Regarding 5.75% rates, these were put up into strength, they did not trigger the crash, that was caused by a breakdown in the derivatives market that would have happened regardless of what occurred with rates.

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  • Rates do not lead, they follow the market and provide it a feedback. In fact, that is the same with EVERY market player and mechanism, including the central banks. The scary truth is, that nobody is in control, which is why the observation of cycles, as Armstrong does, can be a powerful measure and predictor, since cycles are a product of all the various parts plotted over time.

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  • Some of armstrongs predictions have been remarkably accurate and based on charts he did years ago. It wld be interesting to see whether this chart was compiled 20 years ago, like much of his stuff. If so it could be time to fastn your seat belt

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  • Some of armstrongs predictions have been remarkably accurate and based on charts he did years ago. It wld be interesting to see whether this chart was compiled 20 years ago, like much of his stuff. If so it could be time to fastn your seat belt

    A lot of nonsense has been written about cycles, most are models are wrong, some are useful. The test is in how far they reflect the reality, which simply is not realistic in most cases.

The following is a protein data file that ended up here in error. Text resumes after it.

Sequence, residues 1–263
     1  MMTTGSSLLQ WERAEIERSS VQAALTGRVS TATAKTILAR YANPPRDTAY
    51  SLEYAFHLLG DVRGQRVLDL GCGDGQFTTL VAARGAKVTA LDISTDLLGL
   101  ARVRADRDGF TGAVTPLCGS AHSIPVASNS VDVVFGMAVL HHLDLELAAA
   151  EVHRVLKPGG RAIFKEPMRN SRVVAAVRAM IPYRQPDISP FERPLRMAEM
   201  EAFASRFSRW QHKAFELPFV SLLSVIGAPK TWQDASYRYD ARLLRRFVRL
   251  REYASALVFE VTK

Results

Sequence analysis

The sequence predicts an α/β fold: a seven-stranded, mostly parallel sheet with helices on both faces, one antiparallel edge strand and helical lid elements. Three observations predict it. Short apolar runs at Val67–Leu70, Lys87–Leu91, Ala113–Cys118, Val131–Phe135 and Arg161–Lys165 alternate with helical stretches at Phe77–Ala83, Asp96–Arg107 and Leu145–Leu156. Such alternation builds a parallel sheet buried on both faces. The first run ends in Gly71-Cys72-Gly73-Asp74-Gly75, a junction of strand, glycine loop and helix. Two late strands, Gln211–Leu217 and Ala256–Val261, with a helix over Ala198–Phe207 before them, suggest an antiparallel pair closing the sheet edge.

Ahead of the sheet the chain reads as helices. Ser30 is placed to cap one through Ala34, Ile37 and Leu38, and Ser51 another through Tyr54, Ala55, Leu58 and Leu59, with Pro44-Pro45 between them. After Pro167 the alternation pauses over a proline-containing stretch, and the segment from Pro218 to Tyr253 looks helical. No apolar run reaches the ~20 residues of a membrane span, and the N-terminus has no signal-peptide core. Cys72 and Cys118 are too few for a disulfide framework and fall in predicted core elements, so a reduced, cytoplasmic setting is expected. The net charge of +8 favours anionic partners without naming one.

I’ve always found Armstrong’s predictions rather on the accurate side – I’ve paid occasional attention to them – I have found it quite extraordinary the way in which the economy has differed so much from Armstrong’s prediction; then for something [negative] to suddenly happen to bring them into line.

    I think Libby may come to regret posting that chart here.

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  • He was wrong recently about Sterling being about to crash and burn.

    I do struggle with this chart, but he has since said that it relates more to US housing than anywhere else.

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  • He was wrong recently about Sterling being about to crash and burn.

    I do struggle with this chart, but he has since said that it relates more to US housing than anywhere else.

    Reply
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  • He was wrong recently about Sterling being about to crash and burn.

    Depends what the mean by crash and burn – the GBP has gone from the high of 1.71 and is now around 1.51, in a matter of 12 months. I think there are a lot of people who would probably describe that as a crash and burn. GBP may well fall a lot further too….

    I do struggle with this chart, but he has since said that it relates more to US housing than anywhere else.

    It’s indicative of economic confidence, which is pretty global these days; especially when one considers that UK and US property growth is mostly funded by Chinese buyers. A falling Chinese economy may well see the end of this situation, which will definitely have global effects.

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  • Looks like a bald assertion and nothing more.
    And, again, for any number of reasons, this isn’t Japan.
    But just for starters, does anyone even know what owner occupation rates are in Japan?
    Average mortgage in Japan? Conditions attached to getting a mortgage in Japan?
    That might put such comparisons in context.
    And if Osbourne went full Abe with QE? Ffs!